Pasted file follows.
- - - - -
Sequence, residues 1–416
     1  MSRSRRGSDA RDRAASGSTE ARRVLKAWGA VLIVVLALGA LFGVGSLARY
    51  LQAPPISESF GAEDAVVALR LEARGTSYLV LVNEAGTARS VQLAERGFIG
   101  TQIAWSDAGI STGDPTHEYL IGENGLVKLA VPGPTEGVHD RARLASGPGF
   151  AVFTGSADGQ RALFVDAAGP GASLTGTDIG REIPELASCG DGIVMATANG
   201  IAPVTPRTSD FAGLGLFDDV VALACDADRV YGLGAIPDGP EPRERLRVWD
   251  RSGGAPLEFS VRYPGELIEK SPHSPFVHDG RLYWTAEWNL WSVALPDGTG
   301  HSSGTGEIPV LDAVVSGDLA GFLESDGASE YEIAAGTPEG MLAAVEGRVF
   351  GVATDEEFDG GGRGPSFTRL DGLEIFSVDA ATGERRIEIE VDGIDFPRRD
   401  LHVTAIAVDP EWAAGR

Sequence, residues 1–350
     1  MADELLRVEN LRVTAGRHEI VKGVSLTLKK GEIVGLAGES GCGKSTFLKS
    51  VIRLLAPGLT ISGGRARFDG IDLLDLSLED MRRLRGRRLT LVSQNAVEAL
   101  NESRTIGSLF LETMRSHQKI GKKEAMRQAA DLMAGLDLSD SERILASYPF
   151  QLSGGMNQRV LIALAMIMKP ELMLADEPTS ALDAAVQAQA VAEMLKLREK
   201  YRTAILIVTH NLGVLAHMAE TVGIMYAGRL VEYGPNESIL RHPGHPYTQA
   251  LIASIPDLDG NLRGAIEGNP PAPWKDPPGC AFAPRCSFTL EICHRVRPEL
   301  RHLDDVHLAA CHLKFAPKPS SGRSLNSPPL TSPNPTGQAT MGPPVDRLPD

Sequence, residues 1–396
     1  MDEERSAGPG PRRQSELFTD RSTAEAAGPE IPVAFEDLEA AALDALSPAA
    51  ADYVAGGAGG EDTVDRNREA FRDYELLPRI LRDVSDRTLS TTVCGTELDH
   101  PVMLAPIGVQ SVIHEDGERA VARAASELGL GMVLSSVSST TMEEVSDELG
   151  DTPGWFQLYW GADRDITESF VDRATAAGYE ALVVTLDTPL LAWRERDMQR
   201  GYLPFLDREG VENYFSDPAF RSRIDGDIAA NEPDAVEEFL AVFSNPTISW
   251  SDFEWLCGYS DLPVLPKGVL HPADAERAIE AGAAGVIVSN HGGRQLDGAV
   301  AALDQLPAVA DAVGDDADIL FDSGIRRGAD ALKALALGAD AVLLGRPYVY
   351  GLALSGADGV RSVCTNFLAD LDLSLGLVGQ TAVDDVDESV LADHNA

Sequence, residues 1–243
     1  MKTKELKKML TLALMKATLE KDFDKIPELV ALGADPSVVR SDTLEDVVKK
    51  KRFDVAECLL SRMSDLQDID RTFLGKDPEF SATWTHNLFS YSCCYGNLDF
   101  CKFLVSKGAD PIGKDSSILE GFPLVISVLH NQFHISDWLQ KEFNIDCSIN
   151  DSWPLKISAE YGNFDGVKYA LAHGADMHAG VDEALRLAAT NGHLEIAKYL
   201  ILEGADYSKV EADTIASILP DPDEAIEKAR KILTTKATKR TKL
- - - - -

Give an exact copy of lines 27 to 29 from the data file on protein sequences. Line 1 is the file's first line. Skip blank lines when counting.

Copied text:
   351  GLALSGADGV RSVCTNFLAD LDLSLGLVGQ TAVDDVDESV LADHNA

Sequence, residues 1–243
     1  MKTKELKKML TLALMKATLE KDFDKIPELV ALGADPSVVR SDTLEDVVKK